You have done a wonderful job at designing outfits for some of the biggest drag queens in the world. Has there been a favorite outfit you have done and why that one in particular?
Personally speaking, I have 2 favorite looks and they are for the same queen. Scarlett Envy‘s promo gown for season 11 is one of my prouder moments. It is much more minimal than I am used to, and the clean lines and simplicity of the silhouette just fit her so well. That season’s promo seemed to be full of feathers, appliques, and ruffles, so Scarlett appeared to stand out amongst the group. Scarlett’s finale gown, which I also did, was another really proud moment for me. She wanted to really sparkle and stand out that night, and I think she did. The whole gown was designed around the jewelry she was wearing. She still wears that dress often, and I never get tired of seeing her in it.
Furthermore, who is your favorite celeb that you have designed for and why?
I ADORE Brenda Braxton as a client and as a friend. Brenda is a Broadway legend, in case you aren’t in the theatrical world. Brenda was in the original company of Smokey Joe’s Cafe, as well as playing Velma Kelly in the Broadway revival of Chicago. I made Brenda’s Tony Awards dress last June, and the experience was awesome! I think we may be in the works for another Tony gown this year!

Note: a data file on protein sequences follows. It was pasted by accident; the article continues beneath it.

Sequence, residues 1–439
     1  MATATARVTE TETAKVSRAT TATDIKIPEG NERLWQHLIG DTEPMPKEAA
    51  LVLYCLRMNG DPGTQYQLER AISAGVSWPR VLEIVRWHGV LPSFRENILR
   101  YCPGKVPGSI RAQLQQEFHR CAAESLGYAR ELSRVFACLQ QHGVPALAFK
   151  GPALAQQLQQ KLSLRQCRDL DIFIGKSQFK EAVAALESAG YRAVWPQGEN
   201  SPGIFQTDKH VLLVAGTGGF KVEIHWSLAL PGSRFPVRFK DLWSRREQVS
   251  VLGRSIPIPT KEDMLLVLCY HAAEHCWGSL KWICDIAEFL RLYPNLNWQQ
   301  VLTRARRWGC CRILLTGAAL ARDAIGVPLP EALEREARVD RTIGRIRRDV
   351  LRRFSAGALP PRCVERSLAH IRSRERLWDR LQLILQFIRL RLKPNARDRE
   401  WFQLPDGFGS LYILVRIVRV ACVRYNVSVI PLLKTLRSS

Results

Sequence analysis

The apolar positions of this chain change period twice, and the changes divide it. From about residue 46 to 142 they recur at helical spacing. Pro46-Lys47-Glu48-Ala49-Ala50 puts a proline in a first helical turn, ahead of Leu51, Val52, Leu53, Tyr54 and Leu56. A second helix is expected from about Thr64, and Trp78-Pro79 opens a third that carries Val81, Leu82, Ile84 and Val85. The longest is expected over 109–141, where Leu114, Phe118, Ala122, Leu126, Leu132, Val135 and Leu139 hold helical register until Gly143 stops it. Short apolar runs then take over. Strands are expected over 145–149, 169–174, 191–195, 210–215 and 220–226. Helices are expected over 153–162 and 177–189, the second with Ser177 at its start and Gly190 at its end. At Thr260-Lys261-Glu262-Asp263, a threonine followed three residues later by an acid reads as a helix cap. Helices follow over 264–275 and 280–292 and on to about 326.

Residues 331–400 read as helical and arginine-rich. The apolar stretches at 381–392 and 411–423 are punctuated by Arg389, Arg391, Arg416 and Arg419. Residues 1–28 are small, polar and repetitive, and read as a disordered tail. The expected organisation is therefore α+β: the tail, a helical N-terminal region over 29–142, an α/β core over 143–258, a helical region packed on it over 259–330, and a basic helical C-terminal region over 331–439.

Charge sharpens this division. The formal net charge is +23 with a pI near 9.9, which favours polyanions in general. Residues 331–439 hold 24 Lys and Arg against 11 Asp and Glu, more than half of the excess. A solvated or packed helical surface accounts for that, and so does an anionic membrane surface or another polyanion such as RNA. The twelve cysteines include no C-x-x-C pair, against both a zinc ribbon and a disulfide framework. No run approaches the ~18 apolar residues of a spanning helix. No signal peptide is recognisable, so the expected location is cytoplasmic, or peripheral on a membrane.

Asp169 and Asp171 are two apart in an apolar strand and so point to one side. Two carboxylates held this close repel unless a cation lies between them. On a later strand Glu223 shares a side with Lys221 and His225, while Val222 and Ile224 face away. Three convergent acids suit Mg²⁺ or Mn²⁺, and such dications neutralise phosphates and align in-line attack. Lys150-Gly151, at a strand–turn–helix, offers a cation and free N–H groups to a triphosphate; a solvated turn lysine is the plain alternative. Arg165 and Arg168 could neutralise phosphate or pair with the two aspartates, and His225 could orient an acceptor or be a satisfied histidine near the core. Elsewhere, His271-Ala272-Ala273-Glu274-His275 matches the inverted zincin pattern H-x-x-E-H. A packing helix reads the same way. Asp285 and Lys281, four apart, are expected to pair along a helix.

You spoke passionately about designing all of Sherry Pie’s looks and your frustrations around the situation. Social media, however, has been super supportive of you as they are able to look past what Sherry did and simply see the work you put into each outfit so far. How are you feeling at this moment with all the chaos surrounding it?
I will start off by saying I did not make all of her looks, I made almost all of them. I did not design Spring/Fall on her first episode, and I did not design her “basketball wife” look last week, which was the second look in the ball. If those designers feel comfortable sharing that work and letting everyone know they made them, then that is their right. Otherwise, I will just stick with saying I did not do them.